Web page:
From Wikipedia: A babymoon is a period of time that parents spend bonding with a recently-born baby. More recently the term has come to be used to describe a vacation taken by a couple that is expecting a baby in order to allow the couple to enjoy a final trip together before the many sleepless nights that usually accompany a newborn baby. Babymoons usually take place at a resort that offers appropriate services like prenatal massage.
Much like the “Push Present” (more on that one later) the Babymoon has become a symbol of the privileged pregnancy. There can be a lot of pressure for expecting parents to spend time together, travel, relax…WHILE YOU STILL CAN. But resort vacations don’t grow on trees. Well, you know what I mean. And vacation days aren’t exactly an unlimited resource for most of us, either. And is a romantic vacation really a romantic vacation when you’re feeling like a beached whale on the beach?
When I was pregnant with my son, we went to a fabulous, fancy resort in Anguilla. I almost puked on the ferry on the way there (nothing like inhaling gasoline on rocky waters to ratchet up that inborn tendency toward seasickness…while pregnant). But after that, it was friggin’ awesome. We did just about nothing the entire time but loll around and play gin rummy. I discovered that virgin pina coladas are really just as delicious as rum ones. We sat on the beach and read books about baby names while watching the sun set over the Caribbean. I’m pretty sure we even touched each other once or twice. I was five and a half months along — the peak of pregnancy cuteness. Okay, I missed the rum a little, but all in all, it was a pretty perfect holiday.
The second time around, we kept meaning to plan a vacation but never got around to it. Our son was needy, our jobs were busy, and I was 37 weeks pregnant before we finally coordinated a time when the grandparents could watch our kids while we zipped out to the beach…for a weekend, in Long Island, in October. We got there just in time for dinner and got back to the hotel, where I started having contractions, which I continued to have, every 5 minutes, all night long. I spent the night forcing my husband to time them on his phone and imagining being airlifted out of Montauk while in active labor.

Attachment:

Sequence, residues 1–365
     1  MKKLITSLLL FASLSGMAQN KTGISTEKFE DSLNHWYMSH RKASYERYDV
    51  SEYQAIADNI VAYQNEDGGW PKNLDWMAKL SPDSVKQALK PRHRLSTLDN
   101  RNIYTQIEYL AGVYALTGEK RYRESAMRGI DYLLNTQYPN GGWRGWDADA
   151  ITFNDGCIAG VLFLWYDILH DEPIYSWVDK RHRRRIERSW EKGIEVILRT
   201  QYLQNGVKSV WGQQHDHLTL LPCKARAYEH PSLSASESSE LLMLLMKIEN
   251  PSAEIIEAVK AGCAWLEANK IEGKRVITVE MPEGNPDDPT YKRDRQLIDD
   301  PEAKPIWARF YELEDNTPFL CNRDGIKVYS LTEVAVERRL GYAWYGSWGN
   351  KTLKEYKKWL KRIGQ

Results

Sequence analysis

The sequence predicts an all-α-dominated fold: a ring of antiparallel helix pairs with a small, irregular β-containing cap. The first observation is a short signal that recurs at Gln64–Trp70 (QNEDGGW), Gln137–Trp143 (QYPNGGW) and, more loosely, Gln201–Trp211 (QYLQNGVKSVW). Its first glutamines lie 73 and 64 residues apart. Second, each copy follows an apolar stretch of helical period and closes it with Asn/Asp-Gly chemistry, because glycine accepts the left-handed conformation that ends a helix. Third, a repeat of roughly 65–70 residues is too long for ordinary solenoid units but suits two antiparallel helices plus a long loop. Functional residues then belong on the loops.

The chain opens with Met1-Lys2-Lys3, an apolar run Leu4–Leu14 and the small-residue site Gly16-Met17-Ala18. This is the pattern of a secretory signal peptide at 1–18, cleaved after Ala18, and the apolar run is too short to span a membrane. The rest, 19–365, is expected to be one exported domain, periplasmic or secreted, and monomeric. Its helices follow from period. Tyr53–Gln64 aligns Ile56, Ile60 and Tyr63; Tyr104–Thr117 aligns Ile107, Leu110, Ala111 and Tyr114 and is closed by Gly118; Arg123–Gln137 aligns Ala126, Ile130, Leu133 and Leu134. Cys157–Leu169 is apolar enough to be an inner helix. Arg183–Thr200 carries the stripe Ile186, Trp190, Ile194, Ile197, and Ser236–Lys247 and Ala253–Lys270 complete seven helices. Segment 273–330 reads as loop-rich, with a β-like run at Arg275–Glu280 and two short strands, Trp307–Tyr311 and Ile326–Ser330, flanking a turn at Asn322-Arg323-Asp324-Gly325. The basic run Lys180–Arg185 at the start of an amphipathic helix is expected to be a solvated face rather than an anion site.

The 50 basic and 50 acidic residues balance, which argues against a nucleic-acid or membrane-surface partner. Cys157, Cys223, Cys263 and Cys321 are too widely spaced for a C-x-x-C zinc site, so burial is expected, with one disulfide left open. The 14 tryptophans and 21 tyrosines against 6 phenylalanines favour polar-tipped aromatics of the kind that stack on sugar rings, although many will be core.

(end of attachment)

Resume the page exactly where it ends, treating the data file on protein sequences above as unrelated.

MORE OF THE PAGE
That didn’t happen. It turns out I’m just one of those lucky ladies who has contractions 5 minutes apart for most of her last month of pregnancy (except when she’s actually in labor, in which case the contractions screech to a grinding halt after the water has broken, but I digress). In any case, I was far too anxious to enjoy anything else that weekend. We packed up at 8 a.m. and headed back to civilization. The babymoon was a big FAIL.
So there you have it, two extremes of the babymoon experience. I think I’d still tell people to take a trip together IF it’s not going to cause a lot of financial or circumstantial stress, just because I think getting away into a new and pleasant environment is one of the greatest things you can do together as a couple. But I’d also say you need to not put too much pressure on yourself to have a fantabulous time, because it’s possible that you won’t. And if you’re all hyped up on LAST CHANCE anxiety, the chances of you having a sucky time because you’re not having a perfect time are that much higher.
Here are some things that I think can help increase your chances of babymoon happiness:
1.Don’t take so much time off that you feel like it will pressure you to miss time with the baby after birth. Yeah, it might be a long time before you get to laze in the tropical sunshine alone together again. But the sun will still be there when your babies get bigger, and the newborn time is finite.
2. Go somewhere where you’re confident you can get good health care if you need it.
3. Travel at a time in pregnancy when you’re feeling good, not sick or large to the point of immobility.
4. Go somewhere where you can spend large quantities of time immersed in warm water. Trust me.
5. Go somewhere you can get a massage from someone other than your husband. Trust me on this, too.